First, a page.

Last week, an article in the Wall Street Journal dubbed backcountry skiing the “sport of Covid winter”. The article goes on to offer tips on how to get started and insists “You needn’t be a daredevil to go backcountry skiing — just willing to clomp up a hill”.
Not to be outdone, the New York Times published their own beginners guide just 24 hours later titled “It’s the Winter of Backcountry: Here’s How to Start Safely”. It offers basic tips for getting your ski boot in the proverbial backcountry door, including hiring a guide, taking an avalanche course — basically the fundamental starting points we’ve been encouraging for years.
We thought these articles came up severely short on preparing newbs for the practicalities of their next favorite hobby, so we resurrected this old satire to provide another kind of beginners guide. The beginners guide to all the things you’ll mess up when you start ski touring. We’ve all been there!
Congratulations, you’re a beginner! Never again will you experience such enormous leaps in progression. From accumulating gear, to linking turns, you are taking huge strides into a brave new world of exploration.
As you move forward, it is crucial to take a few key missteps to verify the vector of your progress.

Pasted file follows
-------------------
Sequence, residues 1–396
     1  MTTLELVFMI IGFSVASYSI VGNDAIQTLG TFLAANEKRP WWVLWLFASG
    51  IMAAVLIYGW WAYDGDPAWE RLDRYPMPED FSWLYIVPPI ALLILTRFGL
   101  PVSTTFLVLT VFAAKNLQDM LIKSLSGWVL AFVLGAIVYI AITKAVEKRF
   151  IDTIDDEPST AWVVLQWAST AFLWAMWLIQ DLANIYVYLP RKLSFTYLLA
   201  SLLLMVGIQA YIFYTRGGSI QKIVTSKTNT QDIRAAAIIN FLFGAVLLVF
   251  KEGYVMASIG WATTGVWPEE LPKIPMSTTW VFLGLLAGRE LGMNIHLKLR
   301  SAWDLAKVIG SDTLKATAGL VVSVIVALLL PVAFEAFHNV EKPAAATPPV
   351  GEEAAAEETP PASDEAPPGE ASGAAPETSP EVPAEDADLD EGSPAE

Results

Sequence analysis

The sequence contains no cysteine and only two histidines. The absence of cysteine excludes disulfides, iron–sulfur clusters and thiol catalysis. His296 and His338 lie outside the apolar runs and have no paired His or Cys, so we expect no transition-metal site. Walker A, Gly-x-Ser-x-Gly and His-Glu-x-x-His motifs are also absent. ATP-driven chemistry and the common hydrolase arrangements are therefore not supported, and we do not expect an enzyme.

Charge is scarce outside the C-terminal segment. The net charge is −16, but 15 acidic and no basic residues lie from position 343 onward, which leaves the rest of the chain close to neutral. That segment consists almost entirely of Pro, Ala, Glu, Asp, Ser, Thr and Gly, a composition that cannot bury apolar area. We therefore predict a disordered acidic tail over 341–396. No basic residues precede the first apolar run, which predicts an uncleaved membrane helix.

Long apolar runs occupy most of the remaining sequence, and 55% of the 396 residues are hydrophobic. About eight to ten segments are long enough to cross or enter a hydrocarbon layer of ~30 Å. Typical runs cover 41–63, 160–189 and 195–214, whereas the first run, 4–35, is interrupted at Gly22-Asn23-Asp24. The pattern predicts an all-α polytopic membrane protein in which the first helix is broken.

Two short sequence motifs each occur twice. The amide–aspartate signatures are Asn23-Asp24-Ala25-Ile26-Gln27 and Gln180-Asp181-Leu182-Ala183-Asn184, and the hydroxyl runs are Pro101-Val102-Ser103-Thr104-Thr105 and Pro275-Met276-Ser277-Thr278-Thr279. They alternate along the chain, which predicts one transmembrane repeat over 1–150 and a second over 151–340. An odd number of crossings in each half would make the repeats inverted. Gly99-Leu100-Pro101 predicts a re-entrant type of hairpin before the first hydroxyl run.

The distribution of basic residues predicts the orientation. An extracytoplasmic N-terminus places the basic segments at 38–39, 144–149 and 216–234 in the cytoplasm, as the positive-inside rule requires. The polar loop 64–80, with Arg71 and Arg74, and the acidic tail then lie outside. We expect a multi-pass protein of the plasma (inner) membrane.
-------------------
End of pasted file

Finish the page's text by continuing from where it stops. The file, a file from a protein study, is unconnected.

1. Buy clunky gear
You’re still not entirely sure about the difference between frame bindings and tech bindings, or what all the fuss is about fast & light gear. Since you plan to get in a fair amount of training runs at the resort, all the brodudes will tell you how much burlier frame bindings are for sending like the pros with names you can barely pronounce. Beginner status notwithstanding, you don’t want to be held back from hucking cliffs at any point in the future, so go with the setup that feels like Mafia dock party shoes. By the time you can make it up the skin track without getting lost, you will understand whatever “fast & light” means; it is not the gear you have.
2. Layer in cotton
The first time you check out prices on zooty underwear, it will give you sticker shock. So go ahead and tackle the peak in your favorite thermal waffle Wally World long johns, tattered frat party shirt, and treasured cotton hoody. On the way up the skin track, you will generate as much precipitation as the last storm cycle, and freeze solid as East Coast ice on your way down. You now have a much keener grasp of the factors behind weather patterns.
3. Go out too early
It’s your sophomore year of skiing. You are so stoked on the progress you made last year, you head out the first time snow falls on your local mountain. Congratulations, you have now added rock skis to your quiver.
4. Go out too late
Take a lazy day, sleep in, have a leisurely breakfast, don’t hit the skin track before 10:30 on a warm spring day. The snow glopping onto the bottom of your skis will amp your ski touring workout up to burn off the extra calories, and possibly the booze if a hangover was a motivating factor for sleeping in. By the time you make it to the top, you will understand how heat exhaustion can become a factor on snow.